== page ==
Few researchers are equally adept in both the field and the lab. Adam Hawkins, a graduate student in Earth and Atmospheric Sciences is one of those researchers, and rightly so. His work on enhanced geothermal systems (EGS) bridges the gap between lab-based experiments and widespread field commercialization. As a research team member in the Jefferson W. Tester lab, Smith School of Chemical and Biomolecular Engineering, Hawkins uses a combination of experimental field tracer tests, lab experiments, and computational models to predict the performance of geothermal reservoirs—hot water and steam trapped under impermeable rock within the Earth.
Everywhere in the world, geothermal energy is right below our feet. Conventional geothermal energy systems, however, only target hot, easily accessible fluids close to Earth’s surface. Since very few areas are suitable for the conventional systems, this sustainable energy source has limited application.
Mining Earth’s Heat: Promises and Challenges of EGS
EGS emerged out of the hope of extracting abundant heat from deep within the planet, without the strict geographical limitations of the conventional geothermal energy systems. In an EGS application, water is first injected through injection wells into the ground. Through contact with the hot rocks deep down, the water is heated and resurfaces at production wells, to be used to generate electricity or provide heating. Effectively, the system is mining Earth’s heat. Given the potential output, flexibility, and reliability of such systems, EGS may amount to a superior solution to our energy and climate dilemma.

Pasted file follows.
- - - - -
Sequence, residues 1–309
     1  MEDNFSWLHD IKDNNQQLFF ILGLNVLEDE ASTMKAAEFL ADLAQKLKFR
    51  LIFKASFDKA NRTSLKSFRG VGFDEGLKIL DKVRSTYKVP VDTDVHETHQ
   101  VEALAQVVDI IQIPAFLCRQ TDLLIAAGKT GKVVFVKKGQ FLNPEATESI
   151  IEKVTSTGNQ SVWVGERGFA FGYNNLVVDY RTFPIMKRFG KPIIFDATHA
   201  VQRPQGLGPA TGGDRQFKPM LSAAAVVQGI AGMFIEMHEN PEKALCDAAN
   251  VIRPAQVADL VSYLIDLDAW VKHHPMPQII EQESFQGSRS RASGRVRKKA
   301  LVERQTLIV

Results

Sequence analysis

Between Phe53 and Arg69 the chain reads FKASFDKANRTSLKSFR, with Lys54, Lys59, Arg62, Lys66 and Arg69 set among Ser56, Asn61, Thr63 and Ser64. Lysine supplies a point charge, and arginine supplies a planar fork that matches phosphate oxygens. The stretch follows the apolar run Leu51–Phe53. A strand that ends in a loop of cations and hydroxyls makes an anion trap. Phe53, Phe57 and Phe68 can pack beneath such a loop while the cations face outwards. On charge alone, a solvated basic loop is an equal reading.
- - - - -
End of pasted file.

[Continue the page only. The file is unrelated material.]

While the promise is bright, the uncertainties surrounding EGS have resisted illumination. The biggest issue is in determining how fluids flow underground, specifically as they flow through interconnected pore spaces throughout rocks.
The performance of any geothermal system, natural or engineered, depends on the effectiveness of the heat exchange between the fluid and the rocks underground. For instance, the larger the surface area available for heat exchange between the rocks and the fluid, and the longer the fluid flows before reemerging to the surface, then the longer heat can be extracted from that reservoir at economic levels before a particular site needs to rest. Since engineering a reservoir involves connecting different parts of existing pores and fractures in addition to stimulating new ones, it is important to have a reliable method of understanding these intricate and elusive underground fluid flow paths.
Innovations for Illuminating Underground Paths of Fluid Flow